Trudeau tried to make the case for his own feminism, or at least for his government’s commitment to the ideal: a development assistance policy aimed at women and girls, gender-based analysis of budgets, legislated pay equity, funding for women’s organizations and a gender-balanced cabinet.
Then the prime minister offered a bit of meta commentary.
“I recognize there is much more to do and I am proud that there is now a contest among party leaders to see who can be the better feminist. I think that is a great thing for this country. I think that is a great thing for Parliament.”
Perhaps there’s some solace there too.
Thus far, but not far enough
The struggle between Trudeau and his ideals has been real. He waived solicitor-client privilege and cabinet confidentiality to allow Wilson-Raybould to speak about her time as attorney general, but she objected that the waiver did not go far enough. Liberal members of the justice committee were apparently free to look into the SNC affair, but then the hearings were abandoned.
In both cases, Trudeau probably went further than Stephen Harper would have gone. But in neither case did he go as far as he could have.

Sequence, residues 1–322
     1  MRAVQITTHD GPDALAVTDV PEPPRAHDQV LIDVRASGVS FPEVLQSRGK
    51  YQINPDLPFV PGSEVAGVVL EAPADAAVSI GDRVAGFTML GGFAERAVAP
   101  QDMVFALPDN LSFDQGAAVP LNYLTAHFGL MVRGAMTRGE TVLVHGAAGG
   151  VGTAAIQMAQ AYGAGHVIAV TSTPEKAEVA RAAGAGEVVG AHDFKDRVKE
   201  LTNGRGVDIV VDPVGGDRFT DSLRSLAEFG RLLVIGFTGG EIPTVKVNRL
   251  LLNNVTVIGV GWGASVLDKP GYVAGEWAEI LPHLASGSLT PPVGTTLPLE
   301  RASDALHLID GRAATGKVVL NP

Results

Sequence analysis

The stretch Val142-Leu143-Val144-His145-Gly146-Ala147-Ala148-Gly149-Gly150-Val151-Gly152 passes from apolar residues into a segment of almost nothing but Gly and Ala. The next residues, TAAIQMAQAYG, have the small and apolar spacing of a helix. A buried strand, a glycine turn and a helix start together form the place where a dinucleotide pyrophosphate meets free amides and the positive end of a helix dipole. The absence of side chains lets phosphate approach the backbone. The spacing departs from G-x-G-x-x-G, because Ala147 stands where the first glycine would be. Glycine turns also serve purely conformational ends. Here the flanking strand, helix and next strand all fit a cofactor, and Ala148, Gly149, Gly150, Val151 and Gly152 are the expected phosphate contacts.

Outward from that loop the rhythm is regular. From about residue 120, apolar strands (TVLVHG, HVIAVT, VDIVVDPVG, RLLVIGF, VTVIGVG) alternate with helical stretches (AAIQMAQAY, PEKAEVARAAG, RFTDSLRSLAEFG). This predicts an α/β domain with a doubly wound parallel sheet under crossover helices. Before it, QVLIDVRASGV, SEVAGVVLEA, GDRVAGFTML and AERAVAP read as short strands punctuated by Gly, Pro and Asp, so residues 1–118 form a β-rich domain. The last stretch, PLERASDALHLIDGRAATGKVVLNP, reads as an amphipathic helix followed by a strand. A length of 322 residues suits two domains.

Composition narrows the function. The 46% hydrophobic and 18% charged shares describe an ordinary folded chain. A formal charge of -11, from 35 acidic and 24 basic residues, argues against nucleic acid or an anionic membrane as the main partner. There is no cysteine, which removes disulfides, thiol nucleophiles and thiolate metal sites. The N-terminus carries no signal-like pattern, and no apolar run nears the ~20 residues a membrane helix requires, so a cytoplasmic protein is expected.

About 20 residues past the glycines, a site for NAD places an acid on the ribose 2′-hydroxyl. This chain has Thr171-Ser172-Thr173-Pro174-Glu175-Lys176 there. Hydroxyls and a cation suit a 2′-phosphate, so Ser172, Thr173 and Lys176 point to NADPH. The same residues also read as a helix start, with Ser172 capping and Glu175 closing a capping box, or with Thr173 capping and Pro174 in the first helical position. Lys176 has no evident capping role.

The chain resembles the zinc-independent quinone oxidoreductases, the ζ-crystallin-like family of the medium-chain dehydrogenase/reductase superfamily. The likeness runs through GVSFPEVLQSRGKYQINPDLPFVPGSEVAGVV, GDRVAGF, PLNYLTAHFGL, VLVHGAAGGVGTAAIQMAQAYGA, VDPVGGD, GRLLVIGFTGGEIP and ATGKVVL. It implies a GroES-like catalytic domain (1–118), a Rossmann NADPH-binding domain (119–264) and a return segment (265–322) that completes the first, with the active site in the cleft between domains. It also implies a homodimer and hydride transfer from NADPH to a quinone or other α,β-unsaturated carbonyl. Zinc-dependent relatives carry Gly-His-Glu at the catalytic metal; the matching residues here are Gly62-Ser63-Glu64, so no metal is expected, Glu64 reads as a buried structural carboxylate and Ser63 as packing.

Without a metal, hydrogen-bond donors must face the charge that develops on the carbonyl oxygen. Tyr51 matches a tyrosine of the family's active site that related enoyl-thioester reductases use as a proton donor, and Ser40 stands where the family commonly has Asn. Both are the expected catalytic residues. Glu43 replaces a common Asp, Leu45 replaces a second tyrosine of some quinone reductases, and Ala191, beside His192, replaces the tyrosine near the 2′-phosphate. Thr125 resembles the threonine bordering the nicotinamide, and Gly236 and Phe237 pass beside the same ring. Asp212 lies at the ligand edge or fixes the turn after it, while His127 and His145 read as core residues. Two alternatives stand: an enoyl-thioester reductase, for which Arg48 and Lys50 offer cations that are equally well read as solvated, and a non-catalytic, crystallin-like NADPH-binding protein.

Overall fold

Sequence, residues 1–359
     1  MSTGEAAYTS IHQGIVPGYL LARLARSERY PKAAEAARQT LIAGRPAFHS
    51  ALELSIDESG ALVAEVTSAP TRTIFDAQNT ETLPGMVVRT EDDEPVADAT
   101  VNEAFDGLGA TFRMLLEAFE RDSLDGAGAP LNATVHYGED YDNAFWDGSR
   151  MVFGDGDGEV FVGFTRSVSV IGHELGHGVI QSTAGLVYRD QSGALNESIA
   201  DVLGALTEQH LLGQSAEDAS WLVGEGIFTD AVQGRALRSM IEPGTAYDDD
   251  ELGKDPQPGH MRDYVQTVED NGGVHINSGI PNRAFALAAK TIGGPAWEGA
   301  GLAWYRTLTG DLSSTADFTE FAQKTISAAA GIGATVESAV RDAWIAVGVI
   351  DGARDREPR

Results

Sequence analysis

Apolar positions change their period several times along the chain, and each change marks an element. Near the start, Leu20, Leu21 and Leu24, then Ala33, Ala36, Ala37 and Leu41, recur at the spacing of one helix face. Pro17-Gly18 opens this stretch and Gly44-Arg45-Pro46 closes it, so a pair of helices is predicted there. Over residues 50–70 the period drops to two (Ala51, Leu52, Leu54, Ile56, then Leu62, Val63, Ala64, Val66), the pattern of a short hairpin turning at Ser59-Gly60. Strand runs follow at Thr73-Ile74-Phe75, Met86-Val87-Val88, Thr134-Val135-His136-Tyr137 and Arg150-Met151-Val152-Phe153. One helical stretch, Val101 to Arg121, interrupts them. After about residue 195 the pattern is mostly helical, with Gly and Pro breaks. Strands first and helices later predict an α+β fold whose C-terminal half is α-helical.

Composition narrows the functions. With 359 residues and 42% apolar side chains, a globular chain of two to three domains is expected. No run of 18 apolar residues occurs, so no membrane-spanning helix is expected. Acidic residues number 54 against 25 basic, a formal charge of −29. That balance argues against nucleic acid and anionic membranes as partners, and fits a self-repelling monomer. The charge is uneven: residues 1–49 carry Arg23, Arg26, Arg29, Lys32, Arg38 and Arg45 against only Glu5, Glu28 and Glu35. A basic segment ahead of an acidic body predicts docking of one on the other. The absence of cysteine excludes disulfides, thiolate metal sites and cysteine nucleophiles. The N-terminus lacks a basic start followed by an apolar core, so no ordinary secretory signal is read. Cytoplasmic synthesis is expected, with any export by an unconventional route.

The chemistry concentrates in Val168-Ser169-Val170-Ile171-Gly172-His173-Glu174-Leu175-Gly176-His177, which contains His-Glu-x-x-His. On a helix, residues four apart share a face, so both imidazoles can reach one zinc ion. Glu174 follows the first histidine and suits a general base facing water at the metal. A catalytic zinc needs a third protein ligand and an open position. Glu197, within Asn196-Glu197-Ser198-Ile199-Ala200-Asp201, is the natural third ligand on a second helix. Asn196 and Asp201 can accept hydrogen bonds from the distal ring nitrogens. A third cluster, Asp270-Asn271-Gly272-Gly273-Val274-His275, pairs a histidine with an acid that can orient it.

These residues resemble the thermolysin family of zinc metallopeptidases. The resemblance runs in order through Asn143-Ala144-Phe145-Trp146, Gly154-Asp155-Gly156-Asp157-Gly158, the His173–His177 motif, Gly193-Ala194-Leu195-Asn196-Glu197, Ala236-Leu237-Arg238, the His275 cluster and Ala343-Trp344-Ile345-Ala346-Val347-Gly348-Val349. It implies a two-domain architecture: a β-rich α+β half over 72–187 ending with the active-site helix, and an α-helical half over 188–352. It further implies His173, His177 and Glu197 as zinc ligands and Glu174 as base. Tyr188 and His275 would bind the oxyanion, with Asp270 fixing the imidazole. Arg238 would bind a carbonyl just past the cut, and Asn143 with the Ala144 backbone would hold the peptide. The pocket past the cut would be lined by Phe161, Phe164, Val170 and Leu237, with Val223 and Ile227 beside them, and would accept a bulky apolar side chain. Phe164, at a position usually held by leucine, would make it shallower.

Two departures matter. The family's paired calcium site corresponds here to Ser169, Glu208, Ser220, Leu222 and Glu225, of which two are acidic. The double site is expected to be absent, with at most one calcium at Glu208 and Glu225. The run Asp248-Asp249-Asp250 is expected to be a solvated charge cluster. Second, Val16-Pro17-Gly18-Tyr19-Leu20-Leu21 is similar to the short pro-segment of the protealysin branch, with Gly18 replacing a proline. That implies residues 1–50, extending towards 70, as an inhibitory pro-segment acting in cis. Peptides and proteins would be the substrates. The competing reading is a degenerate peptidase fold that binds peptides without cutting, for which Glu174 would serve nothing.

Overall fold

In vowing to do things differently, he raised the expectation that — when confronted with a profound challenge — he would be perfectly forthcoming, without regard for the normal political impulse to control the narrative and limit the damage.
In appointing the first Indigenous minister of justice and attorney general, he put an incredible burden on himself and his office to ensure both her success and a good working relationship between them. That made the possibility of moving her, or demoting her, a daunting prospect.
For all that, Trudeau might now fall back on what he’s been insisting all along — that neither he nor his office did anything wrong (the claim that they did is at least in dispute) and that their cause (saving jobs) was just.
Wilson-Raybould says she told Gerry Butts, Trudeau’s former adviser, that the Prime Minister’s Office was inappropriately pressuring her. Butts disputes that claim. Wilson-Raybould did raise a concern in a phone call with the clerk of the Privy Council, Michael Wernick. But Wernick seems not to have told Trudeau about what she said.
The power of symbolism
Liberals will also argue that they had perfectly valid reasons for wanting Wilson-Raybould and Philpott gone from caucus — starting with the fact that, at the very least, they had reasons to believe they no longer all shared the same goal.
But Trudeau and his fellow Liberals must understand the symbolic value of everything that’s happened with the SNC-Lavalin file. Two impressive women now sit outside the Liberal caucus. We’re still waiting on an ethics commissioner probe; the facts have not been fully and completely aired.
Maybe his political opponents weren’t complaining in good faith. Maybe nothing would have satisfied them.
But the last two months will still weigh down any attempt by Trudeau to lay claim to those ideals. Trudeau must hope that giving voice to those ideals, and his pursuit of them, still count for something, even if he has not always fully embodied the ideal.
This story originally appeared on CBC